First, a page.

Game Test 2: "Battle of Proxycon"

The "Battle of Proxycon" game test is set in outer space as the enemy is trying to breach the space ships hull. The style of the scene is meant to be representative of a First Person Shooter, with much of the action taken from that perspective. Although set in a different location, the style and mood of the rendering is reminiscent of Doom III's atmosphere and the similarities are more than just skin deep...

Game Test 2: "Battle of Proxycon"

Recognising that the next wave of upcoming games are likely to be based on the DirectX8 API specifications, now that DirectX8 hardware has been available on the market for some time, Futuremark have made this test a DirectX8 test. Not only is DX8 used though, DX8.1 (and above) parts will see a boost from this test if they feature Pixel Shader hardware capabilities up to PS1.4.

The first area that this test holds some similarity to Doom III style rendering is the use of its dynamic shadowing system. Like Doom III, Game Test 2 uses the Stencil Buffer to generate the shadows that are produced from the multiple light sources in the scene. In order to keep the CPU utilisation to a minimum for actually rendering the scene, as much of the work as possible to calculate the stencil shadows is done via Vertex Shaders. Character Skinning is also done via the Vertex Shader, thus the test is trying to measure the true Vertex and Pixel Shader performance of the 3D parts as much as possible, rather then being heavily reliant on the CPU. Also, this test will benefit from DX9’s single pass stencil operation if the hardware supports it, meaning that Radeon 9500/9700 and Geforce FX based boards will be able to render the stencil shadows faster than boards that do not support this feature.

Another area in which this test resembles Doom III is the use of Normal Mapping. Normal mapping is a technique that uses special textures known as 'Normals' that enable scenes to have what looks to be very high levels of detail, but are in fact actually quite low levels of geometry. Another example of this technique was highlighted with ATI's car demo, as seen here. ATI has a Normal Mapper tool, and Crytek have a commercially available 'Poly Bump' tool that can create normal maps from high detail geometry models; the models are used to generate the normal maps and then these normals can be used in an environment to simulate the high detail on much lower geometry level characters. This technique of using higher level geometry models to generate the normal maps is the same technique that Futuremark have adopted in this test.

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Continuing with the Doom III comparisons, the new id engine will utilise a technique where a 'lite' geometry pass is done first to fill out the Z-buffer. The point of doing this is that when the pixel processing is done, which can be quite intensive when calculating the number of light sources, cards with early Z reject mechanisms will not waste processing time rendering unseen pixels. Game Test 2 utilises this same method of rendering, and Pixel Shader 1.1 hardware will require a total of 4 passes for each frame: one pass for the Z buffer initialisation, a stencil pass, a light fall-off to alpha buffer and a pass for diffuse and specular reflection using look up tables. However, for hardware with support for PS1.4 specification these last three light source passes can be collapsed into one meaning that only the Z initialisation and one other pass need be made. Initially this single pass routine was designed to benefit DX9 PS2.0 hardware, however during programming the benchmark Futuremark realised that the model would also fit into DX8.1 PS1.4 hardware – PS2.0 capable hardware is backwards compatible and so should be able to run PS1.4 shaders.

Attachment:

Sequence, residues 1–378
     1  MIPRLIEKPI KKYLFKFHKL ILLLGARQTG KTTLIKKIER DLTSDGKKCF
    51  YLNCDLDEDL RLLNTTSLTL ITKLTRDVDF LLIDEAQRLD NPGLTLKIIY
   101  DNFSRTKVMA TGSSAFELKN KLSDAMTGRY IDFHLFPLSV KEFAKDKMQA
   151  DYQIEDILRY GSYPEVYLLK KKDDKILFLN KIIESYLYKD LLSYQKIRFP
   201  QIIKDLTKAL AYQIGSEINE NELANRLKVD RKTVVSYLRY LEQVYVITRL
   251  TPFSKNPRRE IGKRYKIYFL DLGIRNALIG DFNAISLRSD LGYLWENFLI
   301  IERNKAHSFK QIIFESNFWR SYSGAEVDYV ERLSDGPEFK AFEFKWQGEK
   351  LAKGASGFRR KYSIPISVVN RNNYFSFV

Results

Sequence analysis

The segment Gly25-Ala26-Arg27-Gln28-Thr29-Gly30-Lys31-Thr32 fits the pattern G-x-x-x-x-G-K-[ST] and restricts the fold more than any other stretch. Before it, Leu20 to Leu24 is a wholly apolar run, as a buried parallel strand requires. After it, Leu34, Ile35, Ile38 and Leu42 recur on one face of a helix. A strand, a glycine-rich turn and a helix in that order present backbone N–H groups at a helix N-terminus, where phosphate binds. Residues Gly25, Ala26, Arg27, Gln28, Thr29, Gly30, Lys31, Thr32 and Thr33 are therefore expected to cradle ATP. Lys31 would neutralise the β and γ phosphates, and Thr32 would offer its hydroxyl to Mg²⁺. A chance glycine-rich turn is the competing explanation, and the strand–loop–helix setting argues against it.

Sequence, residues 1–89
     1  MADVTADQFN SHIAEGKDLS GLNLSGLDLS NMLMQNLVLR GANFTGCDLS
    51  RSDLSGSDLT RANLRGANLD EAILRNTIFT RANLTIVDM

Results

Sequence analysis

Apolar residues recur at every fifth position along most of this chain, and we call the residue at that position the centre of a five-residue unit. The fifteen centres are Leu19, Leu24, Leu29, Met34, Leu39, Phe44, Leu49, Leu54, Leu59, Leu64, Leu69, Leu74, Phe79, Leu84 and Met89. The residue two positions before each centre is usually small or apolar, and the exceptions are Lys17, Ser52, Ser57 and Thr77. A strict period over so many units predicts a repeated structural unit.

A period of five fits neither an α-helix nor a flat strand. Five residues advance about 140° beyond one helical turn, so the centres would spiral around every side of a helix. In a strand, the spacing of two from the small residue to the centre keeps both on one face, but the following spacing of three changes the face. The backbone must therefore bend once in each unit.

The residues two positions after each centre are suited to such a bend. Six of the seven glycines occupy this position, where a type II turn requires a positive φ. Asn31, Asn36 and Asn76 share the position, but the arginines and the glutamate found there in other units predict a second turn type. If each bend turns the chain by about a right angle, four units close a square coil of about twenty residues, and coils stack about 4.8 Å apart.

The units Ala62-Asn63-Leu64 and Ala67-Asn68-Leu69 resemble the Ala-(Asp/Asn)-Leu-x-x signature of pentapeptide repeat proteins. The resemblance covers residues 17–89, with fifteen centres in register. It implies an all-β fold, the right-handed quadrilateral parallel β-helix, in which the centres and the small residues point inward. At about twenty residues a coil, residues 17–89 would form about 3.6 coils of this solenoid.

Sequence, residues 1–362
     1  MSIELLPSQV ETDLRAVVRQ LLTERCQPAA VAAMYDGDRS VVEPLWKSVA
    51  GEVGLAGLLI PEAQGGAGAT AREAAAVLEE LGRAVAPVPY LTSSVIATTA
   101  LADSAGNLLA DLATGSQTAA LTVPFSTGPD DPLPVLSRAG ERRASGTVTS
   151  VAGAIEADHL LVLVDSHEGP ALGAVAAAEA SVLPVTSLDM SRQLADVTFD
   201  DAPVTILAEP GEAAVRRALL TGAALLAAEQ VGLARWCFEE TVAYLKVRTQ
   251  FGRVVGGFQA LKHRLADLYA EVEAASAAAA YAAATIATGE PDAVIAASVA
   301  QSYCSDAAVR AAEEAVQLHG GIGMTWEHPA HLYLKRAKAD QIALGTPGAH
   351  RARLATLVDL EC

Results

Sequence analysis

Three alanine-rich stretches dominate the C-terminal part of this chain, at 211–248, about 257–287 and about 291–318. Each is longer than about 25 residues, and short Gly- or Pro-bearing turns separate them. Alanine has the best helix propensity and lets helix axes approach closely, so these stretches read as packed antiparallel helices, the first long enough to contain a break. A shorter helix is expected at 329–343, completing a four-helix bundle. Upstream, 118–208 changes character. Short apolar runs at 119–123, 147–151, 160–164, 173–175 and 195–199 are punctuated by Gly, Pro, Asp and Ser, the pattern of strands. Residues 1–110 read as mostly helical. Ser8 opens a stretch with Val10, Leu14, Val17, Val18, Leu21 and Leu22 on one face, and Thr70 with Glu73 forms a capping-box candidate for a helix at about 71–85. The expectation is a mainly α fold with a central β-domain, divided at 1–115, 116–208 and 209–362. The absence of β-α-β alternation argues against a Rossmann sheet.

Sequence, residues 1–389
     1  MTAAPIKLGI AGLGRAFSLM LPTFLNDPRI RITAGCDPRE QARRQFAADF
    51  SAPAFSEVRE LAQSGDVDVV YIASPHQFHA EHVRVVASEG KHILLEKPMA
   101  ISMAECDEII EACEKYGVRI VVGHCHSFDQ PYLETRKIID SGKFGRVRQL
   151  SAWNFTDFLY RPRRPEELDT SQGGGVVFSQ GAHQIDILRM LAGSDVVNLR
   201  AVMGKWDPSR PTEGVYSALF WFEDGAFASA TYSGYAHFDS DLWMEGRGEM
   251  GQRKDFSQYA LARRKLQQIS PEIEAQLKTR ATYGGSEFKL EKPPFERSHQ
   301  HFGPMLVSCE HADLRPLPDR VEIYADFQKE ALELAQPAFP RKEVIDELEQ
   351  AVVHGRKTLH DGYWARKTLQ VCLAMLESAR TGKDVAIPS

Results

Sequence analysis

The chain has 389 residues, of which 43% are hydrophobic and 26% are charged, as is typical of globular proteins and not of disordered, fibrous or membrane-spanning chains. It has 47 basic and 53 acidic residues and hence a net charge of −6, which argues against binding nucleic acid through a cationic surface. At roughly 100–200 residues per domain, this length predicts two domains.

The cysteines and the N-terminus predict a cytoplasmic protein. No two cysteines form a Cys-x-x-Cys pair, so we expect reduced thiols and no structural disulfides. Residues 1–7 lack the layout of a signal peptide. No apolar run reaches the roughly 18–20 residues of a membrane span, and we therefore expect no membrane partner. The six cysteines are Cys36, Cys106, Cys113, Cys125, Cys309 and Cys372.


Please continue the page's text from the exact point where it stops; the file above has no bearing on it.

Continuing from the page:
This test also has post-processing effects such as Depth of Field and ‘Bloom’, which is calculated using PS1.1 hardware. The Depth of Field effect is created by blending the originally rendered frame with a blurred version of it hence, dependant on the focus of the camera, objects closer or further away appear more blurred than those within the focus. The Bloom effect is also used to simulate overbright lighting and is achieved by additively blending blurred highlights to the original frame. Both of these effects are not enabled by default in the actual game tests (although they are in the demo), but can be selected as a configurable option; they will not be enabled with FSAA active either.

Finally, one of the issues that previous versions of 3DMark had was that it was a synthetic test, and didn't calculate all that would be going on in a gaming engine. Games will need to simulate physical environments, otherwise you'd be walking though walls, falling through floors, floating around the place or all manner of things that would seem odd to us, and this is something that will require CPU time to calculate. In order to more accurately simulate a gaming environment, rather than just a Synthetic test, Futuremark have adopted the Havoc physics engine which is used to calculate falling characters and crashes.

Game Test 2 Technical Summary:

  • DX8 hardware with PS1.1 support required
  • 128MB onboard memory required to ensure no host texture uploading during the test
  • Vertex Processing via VS1.1
  • Pixel Processing uses either PS1.1 or PS1.4 if supported
  • Most objects have a colour map, a normal map, and a lookup table for specular and diffuse reflection. Characters are vertex shader skinned.
  • Dynamic Shadows via Stencil Buffer
  • Utilises Havok real-time physics engine
  • Approximately 250,000 polygons are rendered per frame using 1.1 pixel shaders. With 1.4 pixel shaders this number is lowered to approximately 150,000 due to reduced number of rendering passes.
  • 80MB video memory used for textures, 6MB for vertex buffers and 1MB for index buffers.